Tuesday, October 23, 2007

a bit blurry, but I just wanted to see how the shadow looked freed from the object that cast it.

Monday, October 22, 2007

I did this one in the dining room during dinner. Blue painters tape, chicken with kale and white beans.

Sunday, October 14, 2007

Blanket Magazine

Blanket Magazine is an online art and design magazine based in Australia. They interviewed me for this months issue. Click on Release 2 to download the pdf. (issue 6- Good vs Evil)

Tuesday, October 02, 2007

Swarm Blog

Svea in front of Swarm's room. There are more images from the Art Affair on the Swarm Gallery blog.

Monday, September 17, 2007

Art Affair installation for Swarm Gallery

This is the installation I did for Swam Gallery in Oakland. It rained the day I went down to install, so I had to wait until night and use a flood light to creat any sort of shadow at all. Jared and I taped all the way down behind the plastic, that is part of the blue glow you see. People kept trying to throw the cup away.

Sunday, September 16, 2007

Portland Art Affair at the Jupiter Hotel

See if you can spot the shadow on the last one

Tuesday, August 28, 2007

Tuesday, August 21, 2007

blue painters tape on sidewalk

Wednesday, August 08, 2007

Thursday, August 02, 2007

Thursday, February 22, 2007

Alec Clayton from the Weekly Volcano

Thursday, February 22, 2007

Visual Edge: Joe Penrod's "Painted Shadows"

Painted shadows
with his back against the sun joe penrod creates unique visuals / by alec clayton

Joe Penrod's "painted shadows" are a kind of working class public art with a short "shelf life."
You probably noticed the quotation marks. That's because there are no actual names for the things Penrod does - at least not names that are commonly accepted. He documents spatial relationships between objects and time of day by "tracing" or "coloring in" the shapes of cast shadows with common painter's blue masking tape. The objects whose shadows he traces are common objects such as bottles, ladders, fire hydrants and stop signs found in public spaces, and his art is left in the places in which they are created. Understandably, they may not always last very long. But he documents at least some of them with photographs.
Penrod is showing a number of these works at Black Front Gallery in Olympia. The show includes a soft drink cup in the window with its shadow, a child's chair with its shadow, a ladder with its shadow, a plant with its shadow, and the shadow of an electrician with his electrical chord. Like Elvis, the electrician has long since left the building, but his shadow remains.
In addition to these found objects and their shadows, there are small photographs of many of his installations in other places and a group of eight gouache paintings of shadows cast by electrical wires. Some of the actual objects are intriguing to look at while others look somewhat tawdry. Overall, I believe the photographs look better than the actual objects for the simple reason that the edges where pieces of tape overlap do not show in the photographs. The shadows look more solid, and color modulation along their edges create a halo effect where cast shadows and tape-painted shadows overlap. This overlapping effect is especially important because the actual shadows change with lighting conditions, but the taped shadows never change.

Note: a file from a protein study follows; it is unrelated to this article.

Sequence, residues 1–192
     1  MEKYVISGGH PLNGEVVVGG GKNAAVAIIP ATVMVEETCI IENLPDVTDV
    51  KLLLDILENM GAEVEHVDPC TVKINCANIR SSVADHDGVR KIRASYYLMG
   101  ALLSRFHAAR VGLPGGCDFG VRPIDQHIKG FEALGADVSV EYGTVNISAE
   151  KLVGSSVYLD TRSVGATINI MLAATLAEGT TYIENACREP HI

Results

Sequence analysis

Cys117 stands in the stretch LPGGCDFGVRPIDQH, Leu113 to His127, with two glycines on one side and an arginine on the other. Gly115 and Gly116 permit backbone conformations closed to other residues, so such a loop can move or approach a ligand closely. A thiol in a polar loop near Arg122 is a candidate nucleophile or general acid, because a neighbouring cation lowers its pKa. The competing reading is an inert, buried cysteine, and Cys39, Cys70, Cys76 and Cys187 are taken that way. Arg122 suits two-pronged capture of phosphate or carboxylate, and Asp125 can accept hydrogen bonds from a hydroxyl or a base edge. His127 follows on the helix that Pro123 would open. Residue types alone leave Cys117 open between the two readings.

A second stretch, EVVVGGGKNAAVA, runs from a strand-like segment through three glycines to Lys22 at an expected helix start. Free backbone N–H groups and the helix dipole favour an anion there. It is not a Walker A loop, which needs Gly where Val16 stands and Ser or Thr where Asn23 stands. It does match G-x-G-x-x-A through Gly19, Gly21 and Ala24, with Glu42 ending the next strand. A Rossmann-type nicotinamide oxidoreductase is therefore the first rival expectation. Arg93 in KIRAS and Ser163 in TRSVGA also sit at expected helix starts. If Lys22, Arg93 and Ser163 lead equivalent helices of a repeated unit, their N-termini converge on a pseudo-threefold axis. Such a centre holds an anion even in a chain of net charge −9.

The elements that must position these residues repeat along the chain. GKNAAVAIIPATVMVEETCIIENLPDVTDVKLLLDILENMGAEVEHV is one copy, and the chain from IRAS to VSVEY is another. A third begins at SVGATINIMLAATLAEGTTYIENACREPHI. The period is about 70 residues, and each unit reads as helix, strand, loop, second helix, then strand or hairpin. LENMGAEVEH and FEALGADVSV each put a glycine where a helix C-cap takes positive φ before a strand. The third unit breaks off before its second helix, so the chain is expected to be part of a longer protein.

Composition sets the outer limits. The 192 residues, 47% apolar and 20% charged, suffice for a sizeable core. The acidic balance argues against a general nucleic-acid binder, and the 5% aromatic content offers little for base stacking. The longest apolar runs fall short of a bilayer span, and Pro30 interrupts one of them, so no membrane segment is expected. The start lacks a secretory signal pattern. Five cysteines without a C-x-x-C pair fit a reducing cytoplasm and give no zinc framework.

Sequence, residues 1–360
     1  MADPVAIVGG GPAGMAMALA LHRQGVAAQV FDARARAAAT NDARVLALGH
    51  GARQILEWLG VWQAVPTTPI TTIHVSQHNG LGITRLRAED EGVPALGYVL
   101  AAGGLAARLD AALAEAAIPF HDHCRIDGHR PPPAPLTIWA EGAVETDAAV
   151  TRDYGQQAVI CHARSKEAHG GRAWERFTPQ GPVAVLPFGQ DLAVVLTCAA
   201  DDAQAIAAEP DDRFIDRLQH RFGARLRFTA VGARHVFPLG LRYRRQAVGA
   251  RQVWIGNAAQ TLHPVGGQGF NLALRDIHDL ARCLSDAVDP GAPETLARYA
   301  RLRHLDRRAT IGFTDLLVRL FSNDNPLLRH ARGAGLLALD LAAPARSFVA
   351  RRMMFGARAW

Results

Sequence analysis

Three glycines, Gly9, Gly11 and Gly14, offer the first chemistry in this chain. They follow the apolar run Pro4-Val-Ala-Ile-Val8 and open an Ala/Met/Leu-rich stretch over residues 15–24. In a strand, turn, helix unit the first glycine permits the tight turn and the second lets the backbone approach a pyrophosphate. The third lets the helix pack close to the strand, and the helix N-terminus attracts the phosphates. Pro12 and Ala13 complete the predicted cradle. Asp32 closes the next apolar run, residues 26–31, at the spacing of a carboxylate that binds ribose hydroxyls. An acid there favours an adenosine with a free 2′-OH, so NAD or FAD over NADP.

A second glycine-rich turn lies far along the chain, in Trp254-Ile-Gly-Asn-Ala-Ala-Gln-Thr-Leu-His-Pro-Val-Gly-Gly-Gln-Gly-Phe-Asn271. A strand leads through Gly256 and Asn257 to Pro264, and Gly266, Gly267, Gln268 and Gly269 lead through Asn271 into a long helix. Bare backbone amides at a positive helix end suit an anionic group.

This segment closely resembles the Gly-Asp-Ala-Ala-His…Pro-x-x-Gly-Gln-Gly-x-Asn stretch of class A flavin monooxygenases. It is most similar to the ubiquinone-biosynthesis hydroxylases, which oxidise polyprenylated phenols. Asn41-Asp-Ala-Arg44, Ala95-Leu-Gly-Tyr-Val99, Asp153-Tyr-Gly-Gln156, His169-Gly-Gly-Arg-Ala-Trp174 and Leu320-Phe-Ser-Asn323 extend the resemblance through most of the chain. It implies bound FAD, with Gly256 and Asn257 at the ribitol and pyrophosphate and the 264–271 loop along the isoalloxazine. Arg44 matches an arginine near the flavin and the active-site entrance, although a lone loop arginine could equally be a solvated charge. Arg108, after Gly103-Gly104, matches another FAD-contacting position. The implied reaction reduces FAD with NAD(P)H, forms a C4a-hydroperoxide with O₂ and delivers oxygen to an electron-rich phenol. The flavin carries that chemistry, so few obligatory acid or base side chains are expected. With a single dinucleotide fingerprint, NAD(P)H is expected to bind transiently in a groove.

A small paper cup sitting in the window seems almost as if left there by accident with its nice blue shadow crawling up the wall.
Near the back of the gallery is a ladder with a shadow almost twice as tall as the ladder itself. This combination creates an intriguing play of line between the real and the imagined. Across from it, a man's shadow overlaps the edges of a strange little doorway in the wall - a door that is no taller than five-foot-four.
The least effective piece is a flower pot sitting on the floor with a heavy blue tape shadow. More than any of the other pieces, the overlapping pieces of tape are clumsy and heavy looking.
On the back wall is a group of eight small gouache paintings that look like purely abstract forms in a semi-transparent blue on white paper. The forms are sensuous and well designed. But they are not abstract; they are traced shadows from electrical wires.
Overall, this is a very nice show based on a unique visual concept.
The show runs through February. The gallery, at 106 Fourth Ave. in Olympia, has expanded its hours of operation. It is now open 11 a.m. to 7 p.m. Wednesday and Thursday, and 11 a.m. to 6 p.m. on Friday, Saturday and Sunday.

Monday, February 05, 2007

Sunday, February 04, 2007

Tuesday, January 23, 2007

Up next in the gallery is Joe Penrod, an Olympia artist who's "tape" painting will certainly be something new for us. Using ordinary blue painters tape to copy cast shadows from everyday icons of the urban landscape - stop signs, trash bins, door handles. As the sun arcs in the sky and the shadow continues to crawl across the surface, Penrod photographs the moment in almost surreal simplicity. The result are images of a single object casting dual shadows, images of two true moments in time, vivid blue contrasting the dull grey concrete and shadow. Although visually and conceptually very simple, this is truly something you have to see to understand. Coincidentally, the show opens on Friday, February 2nd, Groundhog's day.

Sunday, January 21, 2007

more drawings

I can't seem to get these to scan right. The paper is actually white and smooth.
These are all pretty small, somewhere around 4"x4" or so. Unfortunately, I did these before I found the frames I am going to use, so I have to do 8 new ones that are 3"x5". These are actually not abstractions, they are shadows from wires as they fell on the page.

Sunday, January 14, 2007

I'm working on a bunch of these little (4"x4") gouaches for my show. This is a shadow of a small electrical chord.

Friday, January 12, 2007

This is an old self-portrait